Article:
Patience. Fortitude. MaRLI 2020.

MaRLI 2020

NYPL Library Lion Fortitude

In-person NYPL application & vetting for NYU and Columbia borrowing  

The New York Public Library (NYPL) has tightened its policy for the MaRLI program, short for the Manhattan Research Libraries Network. NYPL this fall discontinued its online MaRLI application and now requires an in-person meeting with a NYPL librarian to determine if an applicant’s research warrants access to Columbia or New York University (NYU) libraries. 

According to the NYPL’s Fall 2019 Quick Start Guide for Graduate Students, MaRLI application from “doctoral students at the prospectus/dissertation writing stage and teaching faculty” will be considered. 1st and 2nd year doctoral students are not encouraged to apply. In addition, MaRLI access to NYU and Columbia will be extended only to those whose research is determined to exceed what NYPL collections can provide, requiring applicants to demonstrate “that they have exhausted the resources available through NYPL for their projects.” Graduate Center students, faculty, and staff are eligible for NYPL research library borrowing privileges simply by showing a current photo ID and a NYPL library card, allowing borrowing from NYPL research collections. But MaRLI access to NYU and Columbia libraries invokes more stringent vetting.

Application from 1st and 2nd year doctoral students and master’s degree students may be best positioned for success if presented to NYPL as independent research with a tangible, non-academic outcome, since artists, journalists, and independent researchers unaffiliated with any institution may also apply to NYPL for MaRLI privileges.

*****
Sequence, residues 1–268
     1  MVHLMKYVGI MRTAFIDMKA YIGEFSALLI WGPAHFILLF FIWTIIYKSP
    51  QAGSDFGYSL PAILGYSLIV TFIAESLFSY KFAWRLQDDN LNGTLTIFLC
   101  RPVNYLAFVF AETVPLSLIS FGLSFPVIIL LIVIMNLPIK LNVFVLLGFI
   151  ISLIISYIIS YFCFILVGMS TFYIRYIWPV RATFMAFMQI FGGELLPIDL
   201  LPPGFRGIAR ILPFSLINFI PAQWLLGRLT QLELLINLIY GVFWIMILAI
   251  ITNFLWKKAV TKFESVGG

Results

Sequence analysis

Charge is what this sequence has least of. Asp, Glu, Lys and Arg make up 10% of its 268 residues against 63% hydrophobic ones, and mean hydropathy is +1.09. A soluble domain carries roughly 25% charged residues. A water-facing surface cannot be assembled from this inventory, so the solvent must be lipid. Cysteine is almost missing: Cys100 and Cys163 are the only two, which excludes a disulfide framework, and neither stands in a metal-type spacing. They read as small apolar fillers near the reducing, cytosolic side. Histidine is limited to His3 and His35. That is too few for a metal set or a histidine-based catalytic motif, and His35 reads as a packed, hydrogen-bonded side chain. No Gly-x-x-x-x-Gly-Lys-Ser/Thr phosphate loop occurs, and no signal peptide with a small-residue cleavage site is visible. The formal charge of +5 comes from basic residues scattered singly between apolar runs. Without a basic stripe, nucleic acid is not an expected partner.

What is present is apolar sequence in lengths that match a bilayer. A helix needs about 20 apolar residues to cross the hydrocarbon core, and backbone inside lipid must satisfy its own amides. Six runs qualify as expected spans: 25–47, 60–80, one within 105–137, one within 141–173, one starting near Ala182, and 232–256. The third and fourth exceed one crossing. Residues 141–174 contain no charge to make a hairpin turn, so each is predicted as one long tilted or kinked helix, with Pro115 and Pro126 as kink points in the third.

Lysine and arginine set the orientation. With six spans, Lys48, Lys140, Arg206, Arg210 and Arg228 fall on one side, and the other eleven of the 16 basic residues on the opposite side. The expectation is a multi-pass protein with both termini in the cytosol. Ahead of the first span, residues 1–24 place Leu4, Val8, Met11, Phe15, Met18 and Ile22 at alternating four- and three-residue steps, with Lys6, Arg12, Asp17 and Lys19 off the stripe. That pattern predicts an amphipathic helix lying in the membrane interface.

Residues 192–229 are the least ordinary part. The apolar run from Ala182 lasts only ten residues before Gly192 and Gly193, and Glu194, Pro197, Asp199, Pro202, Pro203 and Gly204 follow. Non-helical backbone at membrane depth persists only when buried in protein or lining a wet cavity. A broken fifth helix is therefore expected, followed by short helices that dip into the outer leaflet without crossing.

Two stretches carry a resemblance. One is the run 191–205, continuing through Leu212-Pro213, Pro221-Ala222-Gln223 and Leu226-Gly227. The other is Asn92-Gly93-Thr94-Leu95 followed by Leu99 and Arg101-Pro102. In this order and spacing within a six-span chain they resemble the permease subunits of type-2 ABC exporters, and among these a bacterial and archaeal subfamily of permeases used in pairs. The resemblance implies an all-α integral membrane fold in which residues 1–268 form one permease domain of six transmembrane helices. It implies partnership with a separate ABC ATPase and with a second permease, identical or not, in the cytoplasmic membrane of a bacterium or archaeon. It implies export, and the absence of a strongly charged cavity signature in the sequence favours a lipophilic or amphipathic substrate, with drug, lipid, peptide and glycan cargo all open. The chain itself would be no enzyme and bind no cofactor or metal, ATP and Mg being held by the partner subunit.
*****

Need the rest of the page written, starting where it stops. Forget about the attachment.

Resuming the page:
New York City began funding NYPL to support CUNY PhD programs in 1969. In 1986 the state assumed funding responsibility and increased it to the current annual $2 million mark. Though that amount of New York State Aid for Library Services is allocated to support CUNY PhD programs, these funds constitute a portion of $21 million in annual state funding that wind up at NYPL as “unrestricted net assets that are not subject to donor-imposed stipulations” (2019 Audited Financial Statement, p. 6). Much of New York State Aid for Library Services is spent according to recipient libraries’ discretion. 

NYPL services provided to Graduate Center affiliates in decades past (including NYPL-hosted interlibrary loan, microfilm copying, photocopying, and on-site NYPL look-up terminals) have declined as the Graduate Center Library expanded service and collections, and as library technologies evolved. Today the NYPL service most vital to the Graduate Center is interlibrary loan fulfillment. NYPL materials requested through interlibrary loan (about 3,000 items per year), with 120 day loans and no extra delivery cost, can be picked up and returned conveniently at the Graduate Center. The NYPL also offers graduate students quiet Wertheim Study space in the in the heavily-trafficked Stephen A. Schwarzman building, and the NYPL makes Readex databases available directly through the Graduate Center Library website.  

The Graduate Center has been historically symbiotic with the NYPL. CUNY doctoral research is bolstered by NYPL resources, and NYPL’s contribution to public knowledge is manifested by CUNY’s student and faculty research. Attention to the ingredients and priorities of this relationship benefits both institutions. 

PHOTO: NYPL refurbished its iconic library lion statues, Patience and Fortitude (pictured here), in 2019. Image by Sookietex, shared under CC0 license (public domain) via publicdomainclip-art.blogspot.com.

About the Author

Prof. Polly Thistlethwaite is Chief Librarian at the CUNY Graduate Center.